I'd be unwilling to sacrifice picture quality, since it would be a constant... irritation. There are workarounds for smart TV features: your PC or game console come to mind.

I've been quite pleased with my Vizio 3D TV, which came in just under $500 when I bought it a few years ago. It does have a nice suite of smart TV apps with dedicated buttons on the remote, but the Bluetooth remote for my PlayStation is a much better controller than Vizio's stock remote. So I run the apps from the PlayStation instead.

My only complaint is the price of many 3D Blu Ray discs. You can still find five year old titles at their original prices. You'd think Disney, Sony et al were selling gold futures. And,no, including a DVD copy and a (now expired) download code don't add as much value as they seem to believe.

BTW first commenter Butch: my electric bills went down when I got my first HDTV, and went down again (by about 35%) when I replaced it with an Energy Star approved HDTV.


Posted by:

Billy
17 Mar 2015

I'm really disappointed that plasmas seem to be going extinct. In my opinion, they still provide a far better picture than lcd or led. One of my family members has a plasma, the other an led and I'd pick the plasma in a heartbeat. You can watch from any angle with no noticeable loss in picture quality whereas the led gets very washed out very quickly.
I guess I'll wait for the Oled tvs to become affordable.


Posted by:

RandiO
18 Mar 2015

A "SmartTV" was the last type that was in my mind when we had to replace our INOP Panasonic 42" (1080p) Plasma TV that we had paid over $1100 for just 28 months ago. The replacement 50" LG SmartTV was at a close out price of $550.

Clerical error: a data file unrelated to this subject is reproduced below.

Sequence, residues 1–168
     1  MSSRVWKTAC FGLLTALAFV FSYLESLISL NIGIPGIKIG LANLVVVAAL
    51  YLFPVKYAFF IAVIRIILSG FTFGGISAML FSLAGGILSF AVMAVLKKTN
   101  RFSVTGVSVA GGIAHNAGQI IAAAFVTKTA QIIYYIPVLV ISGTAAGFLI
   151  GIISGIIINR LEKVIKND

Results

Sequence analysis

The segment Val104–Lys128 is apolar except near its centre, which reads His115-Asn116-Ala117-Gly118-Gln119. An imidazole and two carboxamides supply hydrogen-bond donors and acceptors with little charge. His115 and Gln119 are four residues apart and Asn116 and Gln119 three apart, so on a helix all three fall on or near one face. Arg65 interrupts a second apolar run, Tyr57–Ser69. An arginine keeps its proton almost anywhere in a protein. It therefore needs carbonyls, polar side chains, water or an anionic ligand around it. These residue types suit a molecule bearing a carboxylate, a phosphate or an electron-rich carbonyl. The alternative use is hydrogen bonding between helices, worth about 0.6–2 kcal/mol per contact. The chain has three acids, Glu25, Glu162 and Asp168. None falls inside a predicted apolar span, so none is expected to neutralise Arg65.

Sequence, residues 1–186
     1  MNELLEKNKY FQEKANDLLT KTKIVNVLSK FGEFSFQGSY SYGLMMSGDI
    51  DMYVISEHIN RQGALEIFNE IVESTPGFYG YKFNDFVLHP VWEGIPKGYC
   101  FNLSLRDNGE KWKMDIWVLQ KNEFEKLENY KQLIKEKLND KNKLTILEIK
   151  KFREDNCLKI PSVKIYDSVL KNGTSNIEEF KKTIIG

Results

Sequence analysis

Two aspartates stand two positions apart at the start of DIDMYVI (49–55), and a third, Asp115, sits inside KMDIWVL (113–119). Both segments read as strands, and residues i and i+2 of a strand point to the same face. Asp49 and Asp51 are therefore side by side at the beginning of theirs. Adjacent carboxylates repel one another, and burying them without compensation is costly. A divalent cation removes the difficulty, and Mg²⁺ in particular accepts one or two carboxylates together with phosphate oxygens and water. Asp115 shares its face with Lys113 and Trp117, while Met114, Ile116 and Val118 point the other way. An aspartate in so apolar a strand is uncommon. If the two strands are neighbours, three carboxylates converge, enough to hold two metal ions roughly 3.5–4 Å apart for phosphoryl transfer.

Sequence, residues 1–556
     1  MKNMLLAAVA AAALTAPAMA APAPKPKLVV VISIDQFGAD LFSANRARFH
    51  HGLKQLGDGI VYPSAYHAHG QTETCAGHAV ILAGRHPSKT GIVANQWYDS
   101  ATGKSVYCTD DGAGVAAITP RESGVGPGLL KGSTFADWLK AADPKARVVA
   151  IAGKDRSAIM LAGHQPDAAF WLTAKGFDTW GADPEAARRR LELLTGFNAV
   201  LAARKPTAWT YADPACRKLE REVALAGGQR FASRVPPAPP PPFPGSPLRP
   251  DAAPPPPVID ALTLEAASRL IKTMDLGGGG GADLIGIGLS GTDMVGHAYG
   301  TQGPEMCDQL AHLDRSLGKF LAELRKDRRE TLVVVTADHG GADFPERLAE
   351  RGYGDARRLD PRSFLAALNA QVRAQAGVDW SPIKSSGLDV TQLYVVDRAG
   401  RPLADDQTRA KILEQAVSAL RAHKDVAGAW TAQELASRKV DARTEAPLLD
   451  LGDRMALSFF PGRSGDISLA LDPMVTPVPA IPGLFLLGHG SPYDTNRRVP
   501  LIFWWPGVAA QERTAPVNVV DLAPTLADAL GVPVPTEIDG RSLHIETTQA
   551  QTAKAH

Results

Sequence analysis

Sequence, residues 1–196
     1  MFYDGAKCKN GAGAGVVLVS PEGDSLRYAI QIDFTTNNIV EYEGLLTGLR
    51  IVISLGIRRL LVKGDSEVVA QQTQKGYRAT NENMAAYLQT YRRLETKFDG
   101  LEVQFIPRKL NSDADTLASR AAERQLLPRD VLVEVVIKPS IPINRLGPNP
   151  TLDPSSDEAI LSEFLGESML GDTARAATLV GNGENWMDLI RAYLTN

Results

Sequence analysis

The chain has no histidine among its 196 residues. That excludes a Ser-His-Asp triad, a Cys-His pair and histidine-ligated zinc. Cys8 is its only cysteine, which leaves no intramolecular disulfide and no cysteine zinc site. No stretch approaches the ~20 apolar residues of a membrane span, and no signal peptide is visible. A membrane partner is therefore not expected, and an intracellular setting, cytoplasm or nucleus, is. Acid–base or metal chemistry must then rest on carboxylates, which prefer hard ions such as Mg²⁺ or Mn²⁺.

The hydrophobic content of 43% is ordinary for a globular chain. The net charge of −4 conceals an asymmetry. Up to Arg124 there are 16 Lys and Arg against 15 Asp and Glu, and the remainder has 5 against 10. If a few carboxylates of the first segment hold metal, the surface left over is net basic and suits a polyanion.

MicroCenter had the 65" version of this PlasmaTV for about $80 more, as a discontinued unit. For our needs and the distance between the display and seating location did not justify "bigger is always better" mentality most users are forced with. The timing could not have been better for this LG unit purchase. The LG's "out-of-the-box" picture quality turned out to be noticeably much better than the top of the line Panasonic TV that it replaced. Unfortunately, it took me about a week to get it calibrated and set up for even better results. I had to keep visiting the AVS forums (www.avsforum.com/) and had to pour over hundreds of posts on the proper picture quality settings that other folks had tried, tested and used instruments to calibrate their LG plasma sets with. I hadn't realized what a big following plasma TVs still had.
I really did not need the SmartTV features and the networked connectivity the LG (and all others now) provide, since I run an HTPC (Home Theater PC) configuration for our entertainment system. I also had no need to for the tinny (metal sounding) and tiny speakers that most manufacturers shove in their TVs, as my stereo setup is audiophile-grade. I would have been perfectly happy with a 'dumb' monitor void of any other features all TVs are equipped with, on the market. I also had no need for 3-D or 4K buzzwords that have been running rampant to push consumers to higher priced TVs. I dread the day when I must replace this LG model but I am hoping that this LG plasma TV will last until the OLED TVs come down to earth in pricing (even at twice the price I paid)!


Posted by:

RandiO
18 Mar 2015

@John and @Carol:
For your needs for an under 30" display, may I recommend the purchase of a computer monitor with >2mS response time and >120Hz refresh rate? Both Samsung and Asus (to name a few) make such monitors at a reasonable cost and both manufacturers have reputable reliability. Some of these units provide features such as wireless connectivity and multiple HDMI inputs. But I would only recommend such PC monitors if your entertainment will be fed to them via external sources such as a DVR, Blu-Ray player, cable box or a set-top box (etc.)


Posted by:

RandiO
18 Mar 2015

Error Correction for "... >2mS response time...":
I meant to say less than 2milliSeconds (not more than).